Clinical data
AHFS/ International Drug Names
  • ?
Routes of
IV, IM, oral
ATC code J01BA02 (WHO) QJ51BA02 (WHO)
Legal status
Legal status
  • none
Pharmacokinetic data
Bioavailability ?
Metabolism hepatic
Biological half-life 5.0 hours
Excretion renal
CAS Number 15318-45-3 N
PubChem (CID) 27200
DrugBank DB08621 YesY
ChemSpider 25315 YesY
KEGG D01407 YesY
ChEBI CHEBI:32215 YesY
ECHA InfoCard 100.035.762
Chemical and physical data
Formula C12H15Cl2NO5S
Molar mass 356.223 g/mol
3D model (Jmol) Interactive image
 NYesY (what is this?)  (verify)

Thiamphenicol (also known as thiophenicol and dextrosulphenidol) is an antibiotic. It is the methyl-sulfonyl analogue of chloramphenicol and has a similar spectrum of activity, but is 2.5 to 5 times as potent. Like chloramphenicol, it is insoluble in water, but highly soluble in lipids. It is used in many countries as a veterinary antibiotic, but is available in China, Morocco and Italy for use in humans. Its main advantage over chloramphenicol is that it has never been associated with aplastic anaemia.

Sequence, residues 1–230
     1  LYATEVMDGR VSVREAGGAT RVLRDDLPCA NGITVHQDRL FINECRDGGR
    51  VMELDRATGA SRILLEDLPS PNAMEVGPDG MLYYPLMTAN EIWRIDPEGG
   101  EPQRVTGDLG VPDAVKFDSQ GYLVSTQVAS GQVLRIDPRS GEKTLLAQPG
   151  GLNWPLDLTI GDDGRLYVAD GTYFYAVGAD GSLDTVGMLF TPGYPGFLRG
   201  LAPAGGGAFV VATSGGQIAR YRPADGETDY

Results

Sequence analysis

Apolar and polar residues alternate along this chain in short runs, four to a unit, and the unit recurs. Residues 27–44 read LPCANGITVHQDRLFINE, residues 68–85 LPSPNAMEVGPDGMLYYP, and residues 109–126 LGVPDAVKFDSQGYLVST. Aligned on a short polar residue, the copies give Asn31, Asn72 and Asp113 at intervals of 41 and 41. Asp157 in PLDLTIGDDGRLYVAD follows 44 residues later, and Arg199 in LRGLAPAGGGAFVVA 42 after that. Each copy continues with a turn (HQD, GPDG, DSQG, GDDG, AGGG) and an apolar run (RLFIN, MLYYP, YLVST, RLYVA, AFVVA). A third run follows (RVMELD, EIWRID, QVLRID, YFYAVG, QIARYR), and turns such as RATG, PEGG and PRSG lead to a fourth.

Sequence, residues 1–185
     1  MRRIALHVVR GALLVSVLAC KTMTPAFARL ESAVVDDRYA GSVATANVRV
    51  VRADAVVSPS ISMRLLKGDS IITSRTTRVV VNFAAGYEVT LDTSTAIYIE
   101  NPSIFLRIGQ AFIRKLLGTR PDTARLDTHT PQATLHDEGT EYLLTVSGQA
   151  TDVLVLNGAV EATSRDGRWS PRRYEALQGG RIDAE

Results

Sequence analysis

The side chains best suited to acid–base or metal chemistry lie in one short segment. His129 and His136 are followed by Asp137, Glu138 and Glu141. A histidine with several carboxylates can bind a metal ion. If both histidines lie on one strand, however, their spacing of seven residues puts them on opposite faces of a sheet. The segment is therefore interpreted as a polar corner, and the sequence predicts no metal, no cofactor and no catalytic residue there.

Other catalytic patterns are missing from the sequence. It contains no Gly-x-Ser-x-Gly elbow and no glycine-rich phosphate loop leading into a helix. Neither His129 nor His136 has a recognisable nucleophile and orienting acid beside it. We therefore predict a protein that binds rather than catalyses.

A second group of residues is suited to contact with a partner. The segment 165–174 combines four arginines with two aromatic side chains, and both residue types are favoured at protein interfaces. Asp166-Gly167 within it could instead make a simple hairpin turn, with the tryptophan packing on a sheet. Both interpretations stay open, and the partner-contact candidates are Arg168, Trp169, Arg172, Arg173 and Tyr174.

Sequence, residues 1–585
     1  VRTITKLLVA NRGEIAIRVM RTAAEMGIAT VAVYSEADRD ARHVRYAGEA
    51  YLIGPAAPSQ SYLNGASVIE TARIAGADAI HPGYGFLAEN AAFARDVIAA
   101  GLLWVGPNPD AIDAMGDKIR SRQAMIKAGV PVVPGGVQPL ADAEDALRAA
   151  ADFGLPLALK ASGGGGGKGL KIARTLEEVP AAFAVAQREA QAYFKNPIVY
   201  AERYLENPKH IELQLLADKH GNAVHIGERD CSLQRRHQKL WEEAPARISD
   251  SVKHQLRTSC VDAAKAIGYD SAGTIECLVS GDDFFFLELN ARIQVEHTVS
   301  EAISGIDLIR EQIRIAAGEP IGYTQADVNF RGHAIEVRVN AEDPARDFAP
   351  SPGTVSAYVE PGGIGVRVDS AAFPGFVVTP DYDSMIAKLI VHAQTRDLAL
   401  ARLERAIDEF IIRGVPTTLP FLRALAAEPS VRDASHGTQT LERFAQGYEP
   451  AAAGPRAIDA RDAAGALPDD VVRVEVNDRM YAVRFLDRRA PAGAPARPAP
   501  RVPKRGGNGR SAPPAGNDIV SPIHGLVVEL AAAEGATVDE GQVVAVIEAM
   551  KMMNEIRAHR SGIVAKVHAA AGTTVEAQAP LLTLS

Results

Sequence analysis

Thiamphenicol is also widely used in Brazil, particularly for the treatment of sexually transmitted infections and pelvic inflammatory disease.[1]

Unlike chloramphenicol, thiamphenicol is not readily metabolized in cattle, poultry, sheep, or humans, but is predominantly excreted unchanged. In pigs and rats the drug is excreted both as parent drug and as thiamphenicol glucuronate (FAO, 1997).


  1. Fuchs FD (2004). "Tetraciclinas e cloranfenicol". In Fuchs FD, Wannmacher L, Ferreira MB. Farmacologia clínica: fundamentos da terapêutica racional (in Portuguese) (3rd ed.). Rio de Janeiro: Guanabara Koogan. p. 375. ISBN 0-7216-5944-6.

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